The import of this is significant. For the first time in over three years, it again makes sense for dealers to buy R44s for inventory knowing they will be able to resell them at a profit. Dealers can, therefore, now, replenish the “pipeline” of new helicopter delivery positions.
This is a very positive development for RHC, its dealers, and the industry as a whole. Strong new helicopter pricing results in a stable market in which dealers can stock inventory and buyers can buy with confidence, all bolstered by a strong used market. As the saying goes, “a rising tide lifts all boats.”
New vs. Used
The decision of whether to buy new or used requires analysis of many factors. A used helicopter purchase allows for immediate delivery, lower purchase price, and lower insurance premiums. However, purchasers of used helicopters must plan for potential required modifications (ie: fuel bladders, MRB replacement, and crankshaft replacement) as well as the twelve-year inspection and higher maintenance costs. In addition, used helicopters require due diligence (ie: title work, inspections, travel, etc.) and may have their warranties expired.
Buying new, on the other hand, comes with a higher price and/or longer waiting time but it avoids all of the above issues as well as allowing for the buyer to choose colors and options and enjoy that intangible “new helicopter” experience.
Regardless of which option a buyer chooses, it is good news that buying a new helicopter is, again, a viable option.
July 3, 2009
The State of the Used Robinson Helicopter Market
by Andres L. Kerllenevich
As a broker of used Robinson Helicopters, I receive two or three calls a day from prospective sellers and buyers inquiring as to the state of the market. My response is always the same: the market is active but depressed. While this may seem like a contradiction, it means that while there are still many buyers out there with the funds and desire to buy, they expect to pay much less than they would have paid just nine or ten months ago. Where a helicopter would have sold quickly for $375,000 last summer, the highest offer I might receive on the same ship today is $315,000. The result is that there are a lot of ships for sale, a lot of buyers making very low offers, and very few sales taking place.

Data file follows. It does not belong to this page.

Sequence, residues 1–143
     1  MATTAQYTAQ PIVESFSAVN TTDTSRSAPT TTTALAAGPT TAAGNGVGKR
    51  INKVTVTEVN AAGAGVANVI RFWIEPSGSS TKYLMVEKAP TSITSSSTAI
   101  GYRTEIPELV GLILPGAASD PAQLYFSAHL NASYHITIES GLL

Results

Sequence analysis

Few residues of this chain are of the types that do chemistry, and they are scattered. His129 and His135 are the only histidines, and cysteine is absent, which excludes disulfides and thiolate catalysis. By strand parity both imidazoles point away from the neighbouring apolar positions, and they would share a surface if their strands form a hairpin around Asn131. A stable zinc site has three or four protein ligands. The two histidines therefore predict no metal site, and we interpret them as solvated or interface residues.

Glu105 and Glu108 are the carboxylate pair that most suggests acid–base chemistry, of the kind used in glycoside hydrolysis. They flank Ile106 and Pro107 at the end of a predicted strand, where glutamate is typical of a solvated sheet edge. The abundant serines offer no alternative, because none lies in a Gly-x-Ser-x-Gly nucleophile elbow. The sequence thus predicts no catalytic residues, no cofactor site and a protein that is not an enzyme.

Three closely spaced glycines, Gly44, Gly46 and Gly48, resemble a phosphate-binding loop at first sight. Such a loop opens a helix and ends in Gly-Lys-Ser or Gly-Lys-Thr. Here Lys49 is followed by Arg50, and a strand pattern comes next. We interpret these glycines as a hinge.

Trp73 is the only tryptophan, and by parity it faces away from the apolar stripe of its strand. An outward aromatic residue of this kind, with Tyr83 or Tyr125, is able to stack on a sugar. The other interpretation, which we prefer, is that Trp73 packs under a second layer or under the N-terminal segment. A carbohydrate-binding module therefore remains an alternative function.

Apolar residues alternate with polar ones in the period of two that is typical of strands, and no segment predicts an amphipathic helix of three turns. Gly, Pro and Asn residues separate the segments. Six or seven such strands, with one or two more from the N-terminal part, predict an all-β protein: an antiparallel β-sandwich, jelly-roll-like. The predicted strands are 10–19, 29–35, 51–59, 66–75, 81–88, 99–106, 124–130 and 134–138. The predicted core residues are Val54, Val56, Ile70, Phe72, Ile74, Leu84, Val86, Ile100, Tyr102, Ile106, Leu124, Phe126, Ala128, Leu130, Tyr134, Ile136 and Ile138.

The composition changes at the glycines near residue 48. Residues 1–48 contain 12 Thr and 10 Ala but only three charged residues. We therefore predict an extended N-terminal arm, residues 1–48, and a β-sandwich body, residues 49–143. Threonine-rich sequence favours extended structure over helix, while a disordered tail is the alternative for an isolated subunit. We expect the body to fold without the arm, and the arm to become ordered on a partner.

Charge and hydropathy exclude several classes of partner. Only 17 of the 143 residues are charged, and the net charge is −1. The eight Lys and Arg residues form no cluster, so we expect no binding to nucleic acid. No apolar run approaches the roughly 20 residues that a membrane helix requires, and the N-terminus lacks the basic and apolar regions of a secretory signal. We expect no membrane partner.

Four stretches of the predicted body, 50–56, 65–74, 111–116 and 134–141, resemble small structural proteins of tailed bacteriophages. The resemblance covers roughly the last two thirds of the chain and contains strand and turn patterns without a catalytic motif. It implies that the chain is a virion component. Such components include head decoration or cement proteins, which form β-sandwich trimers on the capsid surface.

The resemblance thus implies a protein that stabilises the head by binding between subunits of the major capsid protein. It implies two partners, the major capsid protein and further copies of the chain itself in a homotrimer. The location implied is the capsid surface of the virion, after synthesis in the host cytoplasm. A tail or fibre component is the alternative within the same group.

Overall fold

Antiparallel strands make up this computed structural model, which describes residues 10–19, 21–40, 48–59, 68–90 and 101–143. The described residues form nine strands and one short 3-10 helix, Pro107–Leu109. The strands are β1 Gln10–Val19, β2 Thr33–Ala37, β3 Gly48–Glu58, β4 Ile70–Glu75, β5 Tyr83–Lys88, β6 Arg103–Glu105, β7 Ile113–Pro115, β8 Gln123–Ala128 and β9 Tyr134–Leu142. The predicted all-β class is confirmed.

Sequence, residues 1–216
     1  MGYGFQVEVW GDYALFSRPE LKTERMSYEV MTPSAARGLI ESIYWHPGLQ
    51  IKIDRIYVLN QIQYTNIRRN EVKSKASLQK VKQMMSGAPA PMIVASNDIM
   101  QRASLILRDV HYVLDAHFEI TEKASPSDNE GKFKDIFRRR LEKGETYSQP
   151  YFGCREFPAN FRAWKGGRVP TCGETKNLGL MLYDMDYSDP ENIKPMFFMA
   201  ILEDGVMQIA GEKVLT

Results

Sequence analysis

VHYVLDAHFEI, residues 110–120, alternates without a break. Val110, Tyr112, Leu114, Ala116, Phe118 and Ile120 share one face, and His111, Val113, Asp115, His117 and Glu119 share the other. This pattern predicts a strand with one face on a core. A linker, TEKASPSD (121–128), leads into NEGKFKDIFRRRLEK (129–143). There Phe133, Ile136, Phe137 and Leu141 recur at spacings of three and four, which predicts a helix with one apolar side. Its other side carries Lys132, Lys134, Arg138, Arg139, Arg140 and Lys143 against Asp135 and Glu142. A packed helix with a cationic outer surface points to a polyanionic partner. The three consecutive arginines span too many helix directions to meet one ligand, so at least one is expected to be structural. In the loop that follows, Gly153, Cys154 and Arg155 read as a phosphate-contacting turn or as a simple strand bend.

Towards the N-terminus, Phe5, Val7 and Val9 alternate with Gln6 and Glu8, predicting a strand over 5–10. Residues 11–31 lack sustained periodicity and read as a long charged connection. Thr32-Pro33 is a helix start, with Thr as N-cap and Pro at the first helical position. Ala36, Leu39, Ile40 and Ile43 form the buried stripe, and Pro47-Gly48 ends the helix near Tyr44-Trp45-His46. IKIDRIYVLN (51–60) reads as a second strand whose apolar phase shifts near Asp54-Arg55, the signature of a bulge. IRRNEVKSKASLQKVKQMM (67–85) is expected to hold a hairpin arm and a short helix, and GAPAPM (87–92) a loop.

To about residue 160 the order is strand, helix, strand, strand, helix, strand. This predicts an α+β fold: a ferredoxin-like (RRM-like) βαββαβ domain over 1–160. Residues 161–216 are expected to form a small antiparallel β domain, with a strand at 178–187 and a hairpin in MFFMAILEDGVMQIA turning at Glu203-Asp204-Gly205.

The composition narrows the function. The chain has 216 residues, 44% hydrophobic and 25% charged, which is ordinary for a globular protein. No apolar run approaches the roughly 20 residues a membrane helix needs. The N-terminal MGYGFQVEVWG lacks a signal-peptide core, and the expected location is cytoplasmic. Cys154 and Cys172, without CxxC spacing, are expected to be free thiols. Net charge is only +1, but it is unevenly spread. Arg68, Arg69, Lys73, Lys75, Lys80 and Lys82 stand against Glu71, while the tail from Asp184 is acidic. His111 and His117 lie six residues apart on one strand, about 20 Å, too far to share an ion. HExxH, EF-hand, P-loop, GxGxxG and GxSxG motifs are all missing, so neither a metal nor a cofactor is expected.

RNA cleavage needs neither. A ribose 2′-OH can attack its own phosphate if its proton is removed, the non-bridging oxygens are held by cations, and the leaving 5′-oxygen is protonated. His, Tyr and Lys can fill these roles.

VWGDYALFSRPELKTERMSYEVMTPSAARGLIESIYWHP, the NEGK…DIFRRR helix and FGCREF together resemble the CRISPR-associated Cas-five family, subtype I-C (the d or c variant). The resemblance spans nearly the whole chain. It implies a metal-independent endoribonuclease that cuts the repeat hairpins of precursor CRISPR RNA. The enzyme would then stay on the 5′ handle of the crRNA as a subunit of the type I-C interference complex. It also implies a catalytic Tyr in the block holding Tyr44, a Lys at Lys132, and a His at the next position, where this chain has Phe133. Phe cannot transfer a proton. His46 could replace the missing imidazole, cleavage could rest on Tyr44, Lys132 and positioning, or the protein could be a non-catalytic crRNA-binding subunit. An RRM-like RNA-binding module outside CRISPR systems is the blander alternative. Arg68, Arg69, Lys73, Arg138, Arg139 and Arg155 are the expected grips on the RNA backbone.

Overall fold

Buyers call me every day making low offers and seem genuinely perplexed when sellers do not gratefully accept. They proclaim indignantly that the economy is in a recession and that the sellers have no choice but to sell at these prices. One of the main points they are missing, however, is that the vast majority of these helicopters are owned free and clear of any loans. As a factory authorized dealer, I know from experience that less than 5% of my customers borrow money to purchase their helicopters. In this way, the used helicopter market is unlike the housing market where homeowners, who are behind on their mortgages, must sell quickly or face foreclosure. In addition, where the housing market is awash in foreclosed properties, there is no such deluge of repossessed Robinson Helicopters.